Last August, the Republican presidential contender Mitt Romney performed what has become a quadrennial rite of passage in American presidential politics: he delivered a speech to the annual convention of the Veterans of Foreign Wars. His message was rooted in another grand American tradition: hyping foreign threats to the United States. It is “wishful thinking,” Romney declared, “that the world is becoming a safer place. The opposite is true. Consider simply the jihadists, a near-nuclear Iran, a turbulent Middle East, an unstable Pakistan, a delusional North Korea, an assertive Russia, and an emerging global power called China. No, the world is not becoming safer.”
Not long after, U.S. Secretary of Defense Leon Panetta echoed Romney’s statement. In a lecture last October, Panetta warned of threats arising “from terrorism to nuclear proliferation; from rogue states to cyber attacks; from revolutions in the Middle East, to economic crisis in Europe, to the rise of new powers such as China and India. All of these changes represent security, geopolitical, economic, and demographic shifts in the international order that make the world more unpredictable, more volatile and, yes, more dangerous.” General Martin Dempsey, chairman of the Joint Chiefs of Staff, concurred in a recent speech, arguing that “the number and kinds of threats we face have increased significantly.” And U.S. Secretary of State Hillary Clinton reinforced the point by claiming that America resides today in a “very complex, dangerous world.”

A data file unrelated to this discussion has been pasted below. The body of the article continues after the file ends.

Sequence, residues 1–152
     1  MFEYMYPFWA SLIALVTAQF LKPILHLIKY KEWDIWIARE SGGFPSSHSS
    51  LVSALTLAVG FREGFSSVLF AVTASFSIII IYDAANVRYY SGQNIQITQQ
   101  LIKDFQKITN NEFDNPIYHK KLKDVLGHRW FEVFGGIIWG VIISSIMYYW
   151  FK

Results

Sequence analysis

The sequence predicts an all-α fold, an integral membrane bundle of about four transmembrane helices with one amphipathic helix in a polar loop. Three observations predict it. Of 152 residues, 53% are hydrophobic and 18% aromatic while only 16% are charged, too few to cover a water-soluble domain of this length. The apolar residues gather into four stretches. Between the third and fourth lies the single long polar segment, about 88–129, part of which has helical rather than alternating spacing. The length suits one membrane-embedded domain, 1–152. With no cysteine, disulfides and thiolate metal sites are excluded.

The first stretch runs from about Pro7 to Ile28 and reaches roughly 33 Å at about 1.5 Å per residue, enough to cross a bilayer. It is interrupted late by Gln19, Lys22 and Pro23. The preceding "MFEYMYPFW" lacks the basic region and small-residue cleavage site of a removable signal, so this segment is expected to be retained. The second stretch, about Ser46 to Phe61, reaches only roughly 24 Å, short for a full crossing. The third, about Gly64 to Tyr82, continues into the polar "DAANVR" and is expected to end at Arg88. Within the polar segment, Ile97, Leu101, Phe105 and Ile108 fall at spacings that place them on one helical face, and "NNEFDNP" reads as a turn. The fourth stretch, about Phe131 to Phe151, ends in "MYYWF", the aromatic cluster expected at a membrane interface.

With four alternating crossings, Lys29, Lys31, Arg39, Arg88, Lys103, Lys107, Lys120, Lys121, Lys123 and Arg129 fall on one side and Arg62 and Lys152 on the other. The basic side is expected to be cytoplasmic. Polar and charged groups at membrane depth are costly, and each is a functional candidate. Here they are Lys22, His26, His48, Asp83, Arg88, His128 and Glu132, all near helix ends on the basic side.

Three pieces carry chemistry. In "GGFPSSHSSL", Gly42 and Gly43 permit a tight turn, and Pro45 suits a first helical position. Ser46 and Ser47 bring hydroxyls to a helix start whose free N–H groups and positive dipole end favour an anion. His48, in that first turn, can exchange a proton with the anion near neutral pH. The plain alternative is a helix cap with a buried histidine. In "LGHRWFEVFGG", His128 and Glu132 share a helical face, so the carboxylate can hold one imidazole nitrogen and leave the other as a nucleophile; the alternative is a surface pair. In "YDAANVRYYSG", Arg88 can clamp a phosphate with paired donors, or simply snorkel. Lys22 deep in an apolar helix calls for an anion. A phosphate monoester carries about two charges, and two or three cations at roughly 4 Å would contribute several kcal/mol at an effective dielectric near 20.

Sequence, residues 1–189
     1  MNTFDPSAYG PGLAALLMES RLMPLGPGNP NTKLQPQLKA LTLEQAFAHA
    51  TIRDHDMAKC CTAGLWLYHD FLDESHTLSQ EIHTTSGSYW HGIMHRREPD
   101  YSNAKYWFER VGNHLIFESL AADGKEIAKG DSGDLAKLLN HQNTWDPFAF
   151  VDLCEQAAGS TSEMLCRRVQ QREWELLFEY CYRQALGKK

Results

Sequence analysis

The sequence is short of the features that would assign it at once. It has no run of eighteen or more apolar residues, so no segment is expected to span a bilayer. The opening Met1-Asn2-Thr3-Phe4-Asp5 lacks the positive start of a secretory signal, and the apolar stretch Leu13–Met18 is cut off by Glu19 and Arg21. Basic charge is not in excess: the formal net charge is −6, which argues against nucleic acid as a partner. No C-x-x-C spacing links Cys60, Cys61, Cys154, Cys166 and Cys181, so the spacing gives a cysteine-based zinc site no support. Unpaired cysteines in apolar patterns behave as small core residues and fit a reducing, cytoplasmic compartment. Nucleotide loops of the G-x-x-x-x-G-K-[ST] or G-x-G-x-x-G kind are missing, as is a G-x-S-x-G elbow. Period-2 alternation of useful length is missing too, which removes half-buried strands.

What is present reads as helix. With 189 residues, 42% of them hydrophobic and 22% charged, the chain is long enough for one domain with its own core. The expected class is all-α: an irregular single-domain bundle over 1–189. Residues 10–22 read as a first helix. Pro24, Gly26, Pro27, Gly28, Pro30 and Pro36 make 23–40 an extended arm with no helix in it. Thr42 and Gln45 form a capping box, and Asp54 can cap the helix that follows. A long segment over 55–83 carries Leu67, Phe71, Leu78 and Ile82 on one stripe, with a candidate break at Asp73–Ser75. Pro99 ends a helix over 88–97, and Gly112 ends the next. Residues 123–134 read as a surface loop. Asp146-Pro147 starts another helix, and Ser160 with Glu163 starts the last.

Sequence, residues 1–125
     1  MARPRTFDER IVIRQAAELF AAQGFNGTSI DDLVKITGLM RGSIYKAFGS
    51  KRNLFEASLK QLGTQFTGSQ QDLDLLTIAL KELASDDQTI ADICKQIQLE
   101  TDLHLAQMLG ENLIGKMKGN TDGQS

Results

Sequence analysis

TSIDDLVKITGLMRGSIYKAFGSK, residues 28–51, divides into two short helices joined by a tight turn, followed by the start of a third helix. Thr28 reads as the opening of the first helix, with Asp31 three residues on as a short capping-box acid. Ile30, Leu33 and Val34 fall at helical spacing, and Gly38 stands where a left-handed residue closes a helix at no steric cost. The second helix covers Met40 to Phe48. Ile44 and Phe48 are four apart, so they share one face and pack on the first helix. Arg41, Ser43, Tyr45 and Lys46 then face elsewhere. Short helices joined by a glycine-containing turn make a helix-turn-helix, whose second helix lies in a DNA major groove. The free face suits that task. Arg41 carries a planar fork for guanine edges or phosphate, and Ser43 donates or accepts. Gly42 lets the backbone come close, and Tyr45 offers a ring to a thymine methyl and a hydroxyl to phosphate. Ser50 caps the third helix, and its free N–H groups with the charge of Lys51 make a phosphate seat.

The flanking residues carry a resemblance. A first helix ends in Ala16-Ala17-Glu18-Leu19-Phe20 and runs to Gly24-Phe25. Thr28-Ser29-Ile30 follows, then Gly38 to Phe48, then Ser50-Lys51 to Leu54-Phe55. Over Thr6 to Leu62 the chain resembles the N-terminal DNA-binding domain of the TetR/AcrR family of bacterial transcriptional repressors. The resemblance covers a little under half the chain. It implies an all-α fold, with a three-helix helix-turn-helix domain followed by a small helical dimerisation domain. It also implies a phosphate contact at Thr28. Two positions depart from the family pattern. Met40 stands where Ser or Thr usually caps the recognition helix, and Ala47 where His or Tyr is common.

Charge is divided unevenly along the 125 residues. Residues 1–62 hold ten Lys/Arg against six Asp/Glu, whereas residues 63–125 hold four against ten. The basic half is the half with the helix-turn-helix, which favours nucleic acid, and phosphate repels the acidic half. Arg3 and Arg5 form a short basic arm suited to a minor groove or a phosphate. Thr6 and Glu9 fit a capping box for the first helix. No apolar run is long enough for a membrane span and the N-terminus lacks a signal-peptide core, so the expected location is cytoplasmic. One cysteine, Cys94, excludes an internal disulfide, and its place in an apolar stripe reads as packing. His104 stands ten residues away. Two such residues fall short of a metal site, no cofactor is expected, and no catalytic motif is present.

Within the foreign policy elite, there exists a pervasive belief that the post–Cold War world is a treacherous place, full of great uncertainty and grave risks. A 2009 survey conducted by the Pew Research Center for the People and the Press found that 69 percent of members of the Council on Foreign Relations believed that for the United States at that moment, the world was either as dangerous as or more dangerous than it was during the Cold War. Similarly, in 2008, the Center for American Progress surveyed more than 100 foreign policy experts
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